One of the biggest frustrations experienced by PR pros and communicators is that their executive teams just don’t understand social media. As a result, it is difficult to get approval for social media programs.
If approval is granted (grudgingly), building internal support is like pulling teeth. If internal support is offered (skeptically), results are continually second-guessed. Too quickly, programs are scaled back or scrapped altogether.
It’s ironic that executives have so much trouble grasping social media, because it is more similar to what they do than any other type of marketing. If you are running into brick walls, try explaining social media in terms executives can understand with these familiar analogies.
Social media as a cocktail party
Executives do a lot of mingling. For them, the line between personal and professional is constantly blurred. When they walk into a cocktail party, they’re immediately confronted by a lot of noise and chatter. Some of the guests are people they already know.
The room is full of people who are good to avoid for one reason or another; there are also tons of people who are fun to talk to whether they have business potential or not. And somewhere in the room are potentially powerful business connections, people who might be in the market to buy a lot of stuff—or know somebody who is.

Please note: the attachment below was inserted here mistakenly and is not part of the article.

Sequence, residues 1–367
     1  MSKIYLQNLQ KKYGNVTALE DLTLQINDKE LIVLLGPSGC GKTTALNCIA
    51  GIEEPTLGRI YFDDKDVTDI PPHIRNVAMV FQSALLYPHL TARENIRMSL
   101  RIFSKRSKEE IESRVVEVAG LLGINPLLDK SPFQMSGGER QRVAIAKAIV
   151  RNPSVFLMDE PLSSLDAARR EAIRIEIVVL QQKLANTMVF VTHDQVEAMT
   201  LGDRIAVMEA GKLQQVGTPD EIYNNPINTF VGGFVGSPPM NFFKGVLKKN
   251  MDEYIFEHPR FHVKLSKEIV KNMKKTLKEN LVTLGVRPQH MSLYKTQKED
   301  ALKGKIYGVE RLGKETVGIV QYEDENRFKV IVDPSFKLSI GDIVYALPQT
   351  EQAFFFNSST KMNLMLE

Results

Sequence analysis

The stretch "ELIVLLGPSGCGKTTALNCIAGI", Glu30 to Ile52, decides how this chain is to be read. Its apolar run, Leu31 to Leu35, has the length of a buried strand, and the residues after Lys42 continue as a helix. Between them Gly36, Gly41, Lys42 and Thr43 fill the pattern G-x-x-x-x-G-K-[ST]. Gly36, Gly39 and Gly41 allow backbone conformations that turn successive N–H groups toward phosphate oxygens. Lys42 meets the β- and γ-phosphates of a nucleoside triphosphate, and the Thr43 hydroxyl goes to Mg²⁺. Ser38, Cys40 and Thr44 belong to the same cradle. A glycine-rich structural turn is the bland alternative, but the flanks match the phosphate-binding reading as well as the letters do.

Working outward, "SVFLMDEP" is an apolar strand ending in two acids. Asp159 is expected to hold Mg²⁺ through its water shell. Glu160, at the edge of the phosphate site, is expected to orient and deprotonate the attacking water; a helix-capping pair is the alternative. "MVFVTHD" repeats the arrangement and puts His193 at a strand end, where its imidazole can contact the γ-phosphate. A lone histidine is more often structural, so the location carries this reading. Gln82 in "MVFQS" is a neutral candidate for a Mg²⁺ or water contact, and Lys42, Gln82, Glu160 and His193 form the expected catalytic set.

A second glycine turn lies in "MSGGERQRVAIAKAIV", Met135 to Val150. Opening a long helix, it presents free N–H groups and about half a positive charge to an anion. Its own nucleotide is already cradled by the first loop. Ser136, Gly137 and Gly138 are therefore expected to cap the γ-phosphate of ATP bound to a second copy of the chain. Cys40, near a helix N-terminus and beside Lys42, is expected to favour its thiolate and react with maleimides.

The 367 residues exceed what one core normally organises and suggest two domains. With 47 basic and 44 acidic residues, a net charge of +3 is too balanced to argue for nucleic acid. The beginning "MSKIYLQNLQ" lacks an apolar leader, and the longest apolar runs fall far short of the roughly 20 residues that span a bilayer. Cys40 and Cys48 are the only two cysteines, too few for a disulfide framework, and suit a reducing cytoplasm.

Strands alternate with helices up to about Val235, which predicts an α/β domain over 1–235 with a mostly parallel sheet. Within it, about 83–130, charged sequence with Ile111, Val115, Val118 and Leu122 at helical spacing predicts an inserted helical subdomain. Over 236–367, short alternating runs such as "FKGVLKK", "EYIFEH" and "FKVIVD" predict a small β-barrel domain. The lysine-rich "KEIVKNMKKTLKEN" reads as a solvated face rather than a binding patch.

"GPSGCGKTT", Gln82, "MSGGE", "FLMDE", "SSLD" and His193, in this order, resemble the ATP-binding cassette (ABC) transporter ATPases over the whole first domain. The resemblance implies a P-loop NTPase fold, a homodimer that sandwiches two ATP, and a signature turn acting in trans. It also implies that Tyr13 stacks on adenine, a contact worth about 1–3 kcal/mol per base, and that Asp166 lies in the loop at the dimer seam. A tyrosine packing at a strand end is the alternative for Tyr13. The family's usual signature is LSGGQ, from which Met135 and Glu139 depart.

This is just like the user base of any social media site.
The executive’s job is to cut through the noise and make connections that count. He or she is going to be polite to everyone, because you never know where your next lead might come from. But the executive will move around the room, jumping in and out of conversations, sizing up various opportunities, and either cultivating relationships that seem promising or bypassing those that don’t.
This is just like engagement on social media sites.
Executives know that going to a cocktail party once a year won’t be productive. Building relationships takes time. People need to see your face more than once to know you’re serious. They need time to open up. And timing for a business deal may be better the second or third or 15th time around.
This is why social media takes an ongoing effort.
If executives do a good job of working the room at cocktail parties, everybody remembers them. This is like the brand recognition that comes from social media engagement.
Once the executive becomes a liked and admired figure among his business/social circles, people are more open to doing business and more confident in making referrals. This is how using social media to build brand affinity and thought leadership serves to generate leads and referrals.
In short, social media is a party in the most serious sense of the word. It’s where people come together to forge relationships with mutual business benefit. And by the way, it’s fun.
Social media as an industry convention
For a more complete picture of social media, a convention analogy is useful. If you’ve ever been to a convention, you probably know that cocktail parties are part of the equation, and we’ve already covered those aspects of social media above. But a convention is so much more.